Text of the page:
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Russia's Giant Diamond Mine Could Collapse the Global Diamond Market

By Joao Peixe | Wed, 19 September 2012 21:35 | 3

Russia has been the world’s largest diamond producer for the past 3 years. Its diamond mines in Yakutia produce massive profits in a tightly controlled market. However it has just been released that the Russians have been sitting on a monolithic mine for 40 years. In the 1970s they discovered a diamond field beneath a meteorite crater which contains trillions of carats, and could supply the world with diamonds for 3,000 years.

They didn’t release this information earlier in order to keep the diamond market under control, and the prices high.

Nikolai Pokhilenko, the director of the Novosibirsk Institute of Geology and Mineralogy, said that “the resources of super-hard diamonds contained in rocks of the Popigai crypto-explosion structure, are by a factor of ten bigger than the world's all known reserves. We are speaking about trillions of carats. By comparison, present-day known reserves in Yakutia are estimated at one billion carats.”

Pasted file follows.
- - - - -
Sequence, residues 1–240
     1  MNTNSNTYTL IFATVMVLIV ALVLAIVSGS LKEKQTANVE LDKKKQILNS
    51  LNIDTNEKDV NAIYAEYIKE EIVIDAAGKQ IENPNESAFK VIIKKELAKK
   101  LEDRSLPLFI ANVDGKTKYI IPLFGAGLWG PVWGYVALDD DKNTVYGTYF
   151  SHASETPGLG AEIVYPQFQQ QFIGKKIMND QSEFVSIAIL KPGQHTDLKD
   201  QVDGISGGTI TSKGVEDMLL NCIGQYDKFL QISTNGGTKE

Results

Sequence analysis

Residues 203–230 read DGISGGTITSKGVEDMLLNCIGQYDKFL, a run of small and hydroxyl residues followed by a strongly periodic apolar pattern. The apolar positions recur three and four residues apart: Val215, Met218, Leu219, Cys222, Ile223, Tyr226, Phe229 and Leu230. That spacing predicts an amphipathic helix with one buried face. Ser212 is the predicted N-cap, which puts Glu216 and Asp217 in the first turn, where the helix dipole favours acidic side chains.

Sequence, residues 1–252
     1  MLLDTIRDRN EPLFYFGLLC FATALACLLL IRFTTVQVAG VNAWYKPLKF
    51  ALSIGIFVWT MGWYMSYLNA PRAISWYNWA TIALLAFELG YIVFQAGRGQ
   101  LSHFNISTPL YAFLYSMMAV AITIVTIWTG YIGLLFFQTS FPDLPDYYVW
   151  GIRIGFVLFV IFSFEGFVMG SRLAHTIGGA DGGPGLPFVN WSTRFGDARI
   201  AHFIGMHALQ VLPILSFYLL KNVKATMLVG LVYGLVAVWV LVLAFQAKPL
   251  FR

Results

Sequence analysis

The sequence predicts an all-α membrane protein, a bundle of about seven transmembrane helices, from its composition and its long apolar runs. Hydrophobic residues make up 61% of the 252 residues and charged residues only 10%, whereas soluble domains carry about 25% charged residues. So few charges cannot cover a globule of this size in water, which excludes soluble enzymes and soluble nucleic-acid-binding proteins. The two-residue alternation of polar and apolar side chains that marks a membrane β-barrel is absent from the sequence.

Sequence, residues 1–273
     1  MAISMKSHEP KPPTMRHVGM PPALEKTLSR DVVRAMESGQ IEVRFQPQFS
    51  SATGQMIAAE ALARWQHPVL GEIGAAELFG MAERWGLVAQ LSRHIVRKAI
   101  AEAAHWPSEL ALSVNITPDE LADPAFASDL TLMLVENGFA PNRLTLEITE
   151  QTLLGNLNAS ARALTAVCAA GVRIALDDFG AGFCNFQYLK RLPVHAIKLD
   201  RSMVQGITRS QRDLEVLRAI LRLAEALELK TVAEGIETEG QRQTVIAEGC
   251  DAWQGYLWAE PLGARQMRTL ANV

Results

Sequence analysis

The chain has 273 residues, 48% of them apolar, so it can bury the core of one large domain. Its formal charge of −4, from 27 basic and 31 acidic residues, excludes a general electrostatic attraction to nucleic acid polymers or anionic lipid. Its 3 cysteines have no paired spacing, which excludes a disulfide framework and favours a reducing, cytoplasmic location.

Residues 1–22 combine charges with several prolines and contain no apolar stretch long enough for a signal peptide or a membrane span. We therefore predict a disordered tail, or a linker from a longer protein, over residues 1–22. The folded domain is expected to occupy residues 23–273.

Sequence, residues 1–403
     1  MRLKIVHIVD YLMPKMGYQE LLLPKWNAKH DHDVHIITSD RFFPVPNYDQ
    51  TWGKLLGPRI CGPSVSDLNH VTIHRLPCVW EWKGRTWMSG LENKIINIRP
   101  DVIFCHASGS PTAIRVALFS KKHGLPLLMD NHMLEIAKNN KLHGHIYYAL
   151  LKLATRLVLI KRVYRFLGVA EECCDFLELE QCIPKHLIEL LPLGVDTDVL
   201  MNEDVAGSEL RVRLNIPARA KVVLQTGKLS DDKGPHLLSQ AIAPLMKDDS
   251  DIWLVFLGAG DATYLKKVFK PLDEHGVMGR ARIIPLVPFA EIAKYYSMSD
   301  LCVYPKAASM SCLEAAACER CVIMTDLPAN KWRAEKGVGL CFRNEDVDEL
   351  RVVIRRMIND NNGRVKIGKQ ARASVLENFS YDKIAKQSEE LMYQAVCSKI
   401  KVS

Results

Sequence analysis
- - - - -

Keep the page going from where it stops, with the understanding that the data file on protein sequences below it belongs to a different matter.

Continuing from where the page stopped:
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  • mgb on September 24 2012 said:
    lies, what makes you think all the diamonds being mined are industrial??? Maybe you should learn!
    http://atlasobscura.com/place/mirny-diamond-mine
  • lies on September 20 2012 said:
    These are industrial diamonds. They might threaten synthetic diamonds (although it means selling the diamonds at a level that can compete with synthetics and at a rate that is profitable, although this may prove difficult due to the costs involved in the mining extraction process), but they aren't going to threaten the diamond trade that is sold to consumers. Learn before you make an article.
  • Philip on September 20 2012 said:
    I think Siberia will provide the world with a lot more 'surprises' of this kind in years to come. Youi can fit 3 USAs into Siberia and the RFE with room to spare. It may well become warmer and more habitable with climate change (maybe more like Canada). With improvements in technology (including dealing with billions of mosquitos!) it could become the richest resource base on Earth. And that wealth might turn our concepts of free market economics on its head...

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